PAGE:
On American politics and policy.
This past weekend, 1,000 conservative activists gathered in Minneapolis for the RightOnline conference. The “grassroots” summit was convened by the Americans for Prosperity Foundation, which was founded by the billionaire Koch brothers, who are among the most prolific funders of the conservative right.
A new video by Robert Greenwald and his Brave New Foundation illustrates the Koch brothers’ echo chamber by looking at one prominent example: Social Security. “What the Koch brothers want to do is destroy Social Security, because Social Security is a federal government program that has been enormously successful,” says Senator Bernie Sanders, who narrates the video.
The video shows how the Koch’s perpetuate the myth that Social Security is in crisis by funding prominent think tanks like the Cato Institute and the Heritage Foundation, pundits on Fox News and CNBC, and politicians like Paul Ryan. The $28.6 million that flows to the think tanks leads to over 300 policy papers advocating the dismantlement of Social Security, which in turn provides new fodder for conservative talking heads and politicians. The film debunks three top “Social Security distortions”—that the retirement age must be raised, that the program is going bankrupt, and that Social Security must be privatized. “The Koch brothers job is to do everything they can to dismember government in general,” said Sanders, “and if you can destroy Social Security, you will have gone a long way forward in that effort.”
Here’s the video:
Minneapolis—This week Joe Klein had an interesting piece in Time about how the 2012 GOP presidential race is shaping up to be a battle between outsiders vs. insiders. Mitt Romney is the obvious insider of choice. Michele Bachmann, despite being a three-term member of Congress, is making a strong push to be the outsider who rallies the GOP faithful against the party establishment. Her appearance at the conservative RightOnline conference in Minneapolis today illustrated why she may be the dark horse to watch this cycle. (It’s also worth noting that the “grassroots” conference is run by the Koch Brothers–funded Americans for Prosperity Foundation.)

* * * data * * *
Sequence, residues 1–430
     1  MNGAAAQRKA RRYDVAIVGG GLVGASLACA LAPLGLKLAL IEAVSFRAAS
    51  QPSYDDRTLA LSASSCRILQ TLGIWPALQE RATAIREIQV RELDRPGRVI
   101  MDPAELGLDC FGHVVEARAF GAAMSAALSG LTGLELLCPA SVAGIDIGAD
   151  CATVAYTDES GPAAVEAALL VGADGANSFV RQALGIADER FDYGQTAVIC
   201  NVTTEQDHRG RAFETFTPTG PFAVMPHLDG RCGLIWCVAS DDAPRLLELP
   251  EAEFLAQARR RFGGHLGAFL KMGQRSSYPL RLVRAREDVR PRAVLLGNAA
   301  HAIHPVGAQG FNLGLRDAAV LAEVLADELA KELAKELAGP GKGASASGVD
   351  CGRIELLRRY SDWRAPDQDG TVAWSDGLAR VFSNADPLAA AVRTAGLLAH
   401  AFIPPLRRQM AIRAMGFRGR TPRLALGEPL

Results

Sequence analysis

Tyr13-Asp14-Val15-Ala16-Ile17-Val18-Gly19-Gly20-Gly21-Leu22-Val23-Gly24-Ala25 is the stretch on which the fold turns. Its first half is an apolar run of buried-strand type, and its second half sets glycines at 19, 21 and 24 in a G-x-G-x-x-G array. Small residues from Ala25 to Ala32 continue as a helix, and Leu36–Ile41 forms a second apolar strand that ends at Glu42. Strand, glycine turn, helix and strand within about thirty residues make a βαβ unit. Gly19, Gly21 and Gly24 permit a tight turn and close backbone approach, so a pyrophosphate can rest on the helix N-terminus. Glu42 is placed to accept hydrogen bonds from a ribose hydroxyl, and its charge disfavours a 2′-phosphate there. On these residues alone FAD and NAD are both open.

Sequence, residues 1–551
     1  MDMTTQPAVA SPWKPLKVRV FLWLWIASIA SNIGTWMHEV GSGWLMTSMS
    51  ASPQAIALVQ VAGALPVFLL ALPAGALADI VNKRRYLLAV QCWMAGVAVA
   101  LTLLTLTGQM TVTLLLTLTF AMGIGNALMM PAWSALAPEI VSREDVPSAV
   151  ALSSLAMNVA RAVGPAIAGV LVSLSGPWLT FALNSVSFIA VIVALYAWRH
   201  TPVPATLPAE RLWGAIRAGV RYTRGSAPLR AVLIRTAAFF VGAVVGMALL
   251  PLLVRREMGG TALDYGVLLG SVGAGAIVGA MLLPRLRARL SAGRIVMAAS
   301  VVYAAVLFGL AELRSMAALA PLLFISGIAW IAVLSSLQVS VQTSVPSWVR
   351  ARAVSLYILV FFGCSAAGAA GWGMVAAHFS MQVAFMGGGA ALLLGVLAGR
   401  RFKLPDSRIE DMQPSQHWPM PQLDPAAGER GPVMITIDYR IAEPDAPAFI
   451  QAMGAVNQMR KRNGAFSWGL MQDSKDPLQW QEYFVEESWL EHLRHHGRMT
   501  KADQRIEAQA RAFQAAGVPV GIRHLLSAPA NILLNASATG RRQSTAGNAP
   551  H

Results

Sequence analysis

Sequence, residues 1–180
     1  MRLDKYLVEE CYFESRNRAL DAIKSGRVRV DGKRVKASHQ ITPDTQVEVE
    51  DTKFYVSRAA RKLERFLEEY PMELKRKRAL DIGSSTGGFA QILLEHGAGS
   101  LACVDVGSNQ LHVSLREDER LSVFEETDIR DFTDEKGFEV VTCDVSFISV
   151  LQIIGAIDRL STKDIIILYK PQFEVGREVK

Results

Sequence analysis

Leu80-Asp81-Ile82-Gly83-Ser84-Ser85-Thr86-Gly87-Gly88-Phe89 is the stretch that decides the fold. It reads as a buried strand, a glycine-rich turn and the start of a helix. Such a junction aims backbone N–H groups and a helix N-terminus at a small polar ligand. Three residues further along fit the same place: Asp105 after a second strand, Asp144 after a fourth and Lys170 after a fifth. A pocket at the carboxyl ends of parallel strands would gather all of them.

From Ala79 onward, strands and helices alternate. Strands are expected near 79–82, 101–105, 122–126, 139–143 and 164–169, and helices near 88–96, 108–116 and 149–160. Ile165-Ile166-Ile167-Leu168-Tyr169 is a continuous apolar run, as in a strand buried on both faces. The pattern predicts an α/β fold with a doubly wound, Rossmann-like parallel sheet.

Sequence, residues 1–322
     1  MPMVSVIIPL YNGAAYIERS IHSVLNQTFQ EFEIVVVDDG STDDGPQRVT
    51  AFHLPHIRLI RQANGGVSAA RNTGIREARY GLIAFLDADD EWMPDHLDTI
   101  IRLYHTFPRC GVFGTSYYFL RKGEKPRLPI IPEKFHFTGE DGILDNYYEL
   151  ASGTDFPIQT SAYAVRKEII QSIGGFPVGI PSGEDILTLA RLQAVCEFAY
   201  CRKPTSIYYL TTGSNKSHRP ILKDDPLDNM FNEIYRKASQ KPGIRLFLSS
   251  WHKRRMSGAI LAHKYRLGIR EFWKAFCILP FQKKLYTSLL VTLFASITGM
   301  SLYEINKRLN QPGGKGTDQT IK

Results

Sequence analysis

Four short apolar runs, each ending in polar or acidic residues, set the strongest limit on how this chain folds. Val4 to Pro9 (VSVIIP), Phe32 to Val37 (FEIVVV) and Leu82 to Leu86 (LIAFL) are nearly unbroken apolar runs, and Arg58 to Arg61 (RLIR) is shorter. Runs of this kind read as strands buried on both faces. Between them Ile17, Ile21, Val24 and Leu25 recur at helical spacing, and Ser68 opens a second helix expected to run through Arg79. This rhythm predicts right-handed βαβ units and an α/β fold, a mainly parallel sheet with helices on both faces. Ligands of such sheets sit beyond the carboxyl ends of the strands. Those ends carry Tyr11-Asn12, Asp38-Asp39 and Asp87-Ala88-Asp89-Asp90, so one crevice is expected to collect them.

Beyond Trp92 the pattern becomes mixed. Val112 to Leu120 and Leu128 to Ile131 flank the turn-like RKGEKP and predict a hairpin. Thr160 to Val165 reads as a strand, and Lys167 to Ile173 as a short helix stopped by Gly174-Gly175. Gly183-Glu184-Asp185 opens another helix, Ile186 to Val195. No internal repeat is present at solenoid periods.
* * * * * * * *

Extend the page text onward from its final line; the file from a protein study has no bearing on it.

Bachmann drew enthusiastic cheers from the packed ballroom at the Hilton—complete with a gaudy blue and red stage with white stars—by talking up her opposition to Obamacare (she’s sponsored a bill to repeal it), the financial and auto bailouts, and raising the debt ceiling. “When are we going to buck up, when are we going to say no?” she asked rhetorically. Don’t be surprised if she leads the opposition among House Republicans to any impending deal between the Obama administration and the GOP leadership to raise the debt ceiling.
Bachmann’s making an unapologetic bid for the Tea Party vote, saying the movement represents far more voters than the “right-wing fringe of the Republican Party” and was “just gaining strength.” She asked the crowd to hold up a $1 bill to illustrate how the nation is drowning in debt. “42 cents on the dollar is borrowed money!” she said. Bachmann even talked about the unemployment rate among black and Hispanic Americans in front of the nearly all-white, predominantly middle-aged crowd. And the avowed social conservative kept the focus on jobs and the economy, despite ending her speech by quoting a passage of the Bible about the Philistines, reflecting the newfound center of gravity among the Republican base.